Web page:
firms are coming into this market. The top 15 international
accounting firms already are here.”

BDO employs 150 staff, of which about 20 are CPAs. There are six
partners. By comparison, Big Four firms in Thailand employ more
than 500 staff. PricewaterhouseCoopers and KPMG employ more than
1,000.

About 30 percent of BDO’s 150 staff are trainee accountants.
Recruitment drives are organised two or three times a year to
ensure a sufficient inflow of trainees. Lelapiyamit notes that
while it is easy to attract trainees, it is difficult to hire more
able candidates who tend to work for Big Four firms or join big
companies where salaries are higher.

Accountants intending to qualify as CPA members of the kingdom’s
Federation of Accounting Professions (FAP) require an accounting
degree from an approved university in Thailand or overseas.
Trainees then are required to pass six additional exam papers
issued by FAP during a two-year training period with an accounting
firm. Qualification as an auditor requires 2,000 hours audit
practice with an audit firm.

“We hire less than ten new CPAs a year. The number staying with us
changes each year,” Lelapiyamit says. “We try to retain our new
CPAs. They get more responsibility and receive extra holiday leave.
Our staff shortage is at senior level, so we try to improve our
training programme to improve staff quality and meet client
expectations.”

Most accounting practices in Thailand have a staffing shortage and
the Big Four firms also face staffing turnover issues. More
accountants are leaving firms to set up their own practices than
are hired by other companies or accounting firms.

“There needs to be more qualified accounting staff in Thailand.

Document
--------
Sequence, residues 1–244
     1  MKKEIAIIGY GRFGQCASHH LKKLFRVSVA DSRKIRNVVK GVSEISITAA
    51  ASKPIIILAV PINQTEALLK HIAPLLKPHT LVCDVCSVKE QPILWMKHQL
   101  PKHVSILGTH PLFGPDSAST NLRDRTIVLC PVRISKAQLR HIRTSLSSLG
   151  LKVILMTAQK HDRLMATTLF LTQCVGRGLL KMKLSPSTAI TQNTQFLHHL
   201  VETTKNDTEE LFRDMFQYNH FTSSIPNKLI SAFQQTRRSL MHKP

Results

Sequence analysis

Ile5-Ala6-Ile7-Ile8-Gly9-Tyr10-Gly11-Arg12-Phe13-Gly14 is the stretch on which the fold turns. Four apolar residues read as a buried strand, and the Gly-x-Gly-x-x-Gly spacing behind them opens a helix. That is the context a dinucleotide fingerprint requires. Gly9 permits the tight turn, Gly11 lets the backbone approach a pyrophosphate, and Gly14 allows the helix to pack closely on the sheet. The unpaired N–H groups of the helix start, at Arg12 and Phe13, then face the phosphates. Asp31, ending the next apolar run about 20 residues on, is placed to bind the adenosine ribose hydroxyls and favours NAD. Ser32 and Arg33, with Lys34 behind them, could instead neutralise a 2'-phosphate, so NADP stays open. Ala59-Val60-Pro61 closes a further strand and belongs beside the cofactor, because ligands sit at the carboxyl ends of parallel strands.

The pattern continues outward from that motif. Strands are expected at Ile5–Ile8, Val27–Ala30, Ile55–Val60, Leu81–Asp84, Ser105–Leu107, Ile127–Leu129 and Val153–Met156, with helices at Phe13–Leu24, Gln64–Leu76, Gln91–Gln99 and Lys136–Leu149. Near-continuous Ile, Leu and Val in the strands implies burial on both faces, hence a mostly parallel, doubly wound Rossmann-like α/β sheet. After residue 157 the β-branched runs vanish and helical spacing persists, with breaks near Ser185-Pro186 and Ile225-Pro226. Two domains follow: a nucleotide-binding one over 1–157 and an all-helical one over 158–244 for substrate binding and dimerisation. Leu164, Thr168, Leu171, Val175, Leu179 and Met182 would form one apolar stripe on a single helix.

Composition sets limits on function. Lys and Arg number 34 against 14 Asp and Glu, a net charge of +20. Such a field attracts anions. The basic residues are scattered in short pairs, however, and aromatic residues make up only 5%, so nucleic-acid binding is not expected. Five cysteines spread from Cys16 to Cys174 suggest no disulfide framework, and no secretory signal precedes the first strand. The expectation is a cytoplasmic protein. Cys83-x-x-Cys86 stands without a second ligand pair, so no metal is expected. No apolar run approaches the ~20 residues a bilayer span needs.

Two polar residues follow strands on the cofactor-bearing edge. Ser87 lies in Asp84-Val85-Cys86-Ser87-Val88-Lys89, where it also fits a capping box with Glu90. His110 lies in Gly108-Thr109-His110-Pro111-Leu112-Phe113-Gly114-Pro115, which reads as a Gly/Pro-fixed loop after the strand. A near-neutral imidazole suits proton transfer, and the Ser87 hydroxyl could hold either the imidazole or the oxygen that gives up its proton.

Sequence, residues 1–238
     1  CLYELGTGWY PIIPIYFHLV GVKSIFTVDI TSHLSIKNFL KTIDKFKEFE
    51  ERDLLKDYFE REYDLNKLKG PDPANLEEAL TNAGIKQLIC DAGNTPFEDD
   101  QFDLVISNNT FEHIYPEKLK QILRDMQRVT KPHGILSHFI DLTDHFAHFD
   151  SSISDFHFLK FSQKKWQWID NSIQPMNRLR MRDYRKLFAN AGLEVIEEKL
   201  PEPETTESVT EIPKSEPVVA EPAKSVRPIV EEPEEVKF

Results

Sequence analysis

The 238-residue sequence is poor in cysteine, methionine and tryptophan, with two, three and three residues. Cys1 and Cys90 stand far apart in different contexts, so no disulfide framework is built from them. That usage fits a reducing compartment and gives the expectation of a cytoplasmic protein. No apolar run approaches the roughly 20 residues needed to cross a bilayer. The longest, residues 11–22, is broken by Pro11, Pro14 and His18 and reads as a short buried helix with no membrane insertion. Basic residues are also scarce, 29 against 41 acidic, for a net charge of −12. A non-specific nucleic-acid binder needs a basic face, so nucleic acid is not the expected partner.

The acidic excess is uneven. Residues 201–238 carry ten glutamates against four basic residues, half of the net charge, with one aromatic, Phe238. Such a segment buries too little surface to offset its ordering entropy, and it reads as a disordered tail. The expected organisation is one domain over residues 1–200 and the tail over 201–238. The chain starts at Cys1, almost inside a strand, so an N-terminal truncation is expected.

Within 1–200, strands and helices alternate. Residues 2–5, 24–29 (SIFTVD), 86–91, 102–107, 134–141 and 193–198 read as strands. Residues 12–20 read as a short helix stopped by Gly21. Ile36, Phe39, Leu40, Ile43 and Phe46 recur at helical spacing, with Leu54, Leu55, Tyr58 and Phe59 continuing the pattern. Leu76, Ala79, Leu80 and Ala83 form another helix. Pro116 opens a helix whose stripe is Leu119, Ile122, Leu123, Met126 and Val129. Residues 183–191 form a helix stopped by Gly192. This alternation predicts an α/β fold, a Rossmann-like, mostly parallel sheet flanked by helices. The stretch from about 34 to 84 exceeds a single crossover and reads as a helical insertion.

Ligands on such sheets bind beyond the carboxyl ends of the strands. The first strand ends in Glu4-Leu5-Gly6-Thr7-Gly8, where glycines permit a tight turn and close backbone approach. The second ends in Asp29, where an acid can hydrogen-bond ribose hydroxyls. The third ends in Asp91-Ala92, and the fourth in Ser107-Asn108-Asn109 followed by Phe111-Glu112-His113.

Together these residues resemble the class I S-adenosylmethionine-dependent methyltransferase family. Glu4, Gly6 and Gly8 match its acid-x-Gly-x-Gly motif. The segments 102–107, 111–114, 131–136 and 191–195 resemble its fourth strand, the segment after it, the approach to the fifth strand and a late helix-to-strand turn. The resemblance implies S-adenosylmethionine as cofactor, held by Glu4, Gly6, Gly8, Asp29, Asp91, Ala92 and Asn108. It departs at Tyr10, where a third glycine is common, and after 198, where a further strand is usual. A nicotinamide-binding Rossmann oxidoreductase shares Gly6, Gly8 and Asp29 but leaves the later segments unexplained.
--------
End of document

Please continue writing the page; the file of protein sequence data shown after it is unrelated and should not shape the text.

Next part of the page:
There is a lot of IFRS work and updating of standards. This is
creating new work for us,” Lelapiyamit remarks. “International
Accounting Standards [IAS] were introduced after the 1997 financial
crisis. The work is still the same but there are some new
disclosure requirements that we have to comply with. In addition,
American client companies here require a [Sabanes-Oxley Act] audit.
Also, our Japanese clients may need a [Sabanes-Oxley Act] audit
from 2008 onwards.”

Leading the way

Thailand is preparing to complete full adoption of IFRS by
mid-2008, when it will become one of the first countries in Asia to
do so, Lelapiyamit notes. The kingdom’s programme to adopt IFRS is
running parallel to the adoption of International Standards on
Auditing, which has also been scheduled for adoption later this
year. There are 37 IFRS and IAS in total and Thailand will adopt 21
of these midway through this year. This follows two standards that
became effective in 2006 and 13 standards in 2007. Another standard
is at the exposure draft stage.

Meanwhile, standards of corporate governance have improved in
Thailand recent years and do not present any difficulties for the
accounting profession.

The governance of listed companies, for example, is overseen by the
Stock Exchange Commission (SEC), the SET and the FAP. Both the SEC
and SET have been involved for more than 20 years in issuing rules
informing listed companies how to comply with corporate governance
requirements.

“Corporate governance is a requirement for publicly-listed
companies but not for non-public companies,” Lelapiyamit says. “The
current standard of corporate governance in Thailand is good…
There still are some scandals such as insider information by
management and by stock brokers, but it is not an issue for the
accounting profession.”